In the early part of 1974, one of the biggest news stories in the area involved a football coach at Fairview High School, in west Williamson County, who was alleged to have been arranging dates for his football players. The public was quite shocked to learn of this unlikely match-maker, and the Nashville news media swarmed all over this story.

Shortly after this all came to light, the media gathered one morning at the school, expecting some sort of impromptu news conference whereby school officials could address the situation. It seemed like reporters had came from everywhere. I was one of them, covering the story for the local newspaper at Franklin. Another was Steve Dickert, who was covering it for the WKDA.

While we were waiting for the story to unfold, Steve and I began talking about a number of subjects: the story we there to cover; other big news stories we were covering; the other media reps gathered there; Nashville radio, in general; and WKDA radio, in particular. Before too long, we had began to forge a friendship that would last for many years to come. Let me make a few comments about Steve Dickert: Steve was a very good radio newsman. In fact, he was one of the best in Nashville. Steve had came to WKDA AM-FM in 1972 while studying at the College of Communications at MTSU in Murfreesboro. He was a native of Chattanooga. I think Steve was still a bachelor at this time, although he married shortly afterward. I found Steve down-to-earth, very professional, and a lot of fun to be around.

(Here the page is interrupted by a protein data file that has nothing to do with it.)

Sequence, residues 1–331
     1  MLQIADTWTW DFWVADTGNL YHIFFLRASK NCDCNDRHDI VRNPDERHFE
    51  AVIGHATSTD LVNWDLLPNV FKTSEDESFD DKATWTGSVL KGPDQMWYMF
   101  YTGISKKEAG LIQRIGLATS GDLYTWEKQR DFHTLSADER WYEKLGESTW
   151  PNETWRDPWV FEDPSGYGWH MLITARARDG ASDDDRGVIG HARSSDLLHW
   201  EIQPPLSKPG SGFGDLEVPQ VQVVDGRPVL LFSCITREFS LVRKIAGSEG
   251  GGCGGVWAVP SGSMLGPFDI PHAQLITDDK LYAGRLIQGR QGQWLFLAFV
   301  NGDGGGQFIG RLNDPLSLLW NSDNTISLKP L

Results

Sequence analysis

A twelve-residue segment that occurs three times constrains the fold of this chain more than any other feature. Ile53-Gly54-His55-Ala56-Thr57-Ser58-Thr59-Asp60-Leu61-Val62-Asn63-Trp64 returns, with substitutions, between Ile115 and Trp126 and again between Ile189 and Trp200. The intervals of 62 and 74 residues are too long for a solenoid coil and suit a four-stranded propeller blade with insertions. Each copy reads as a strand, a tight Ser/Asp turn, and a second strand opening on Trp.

After waiting around for a couple of hours, it became obvious the school officials were stalling for time. Members of the media- and especially the electronic media- work on a tight schedule, and many were becoming impatient. Steve explained that he had two more news conferences in Nashville that he had been assigned to cover, and he asked me if I planned to stay on the story at Fairview. I said I was there to cover it- and I’d stick it out until the school officials were forced to finally face the music…and the media! Steve asked if I’d file a story for WKDA, via the telephone, after the news conference. I agreed to help them out with the story, and that was the beginning of a career shift that would divert me from newspaper work into radio work.

Over the next few weeks, I began to cover the big news stories in our area for two outlets: my newspaper, which at that time was The Williamson Leader, a small weekly publication in my hometown of Franklin; and the news team at WKDA AM-FM. I don’t think my editor was too wild about this arrangement, since the radio station was always more demanding of my time to have the story into the newsroom as soon as it happened. However, there were only a few times when I found myself working on deadline for both outlets. This worked well for a time, but eventually I was asked to visit the studios and meet the rest of the WKDA news team- and after that I became devoted to the radio end of the business.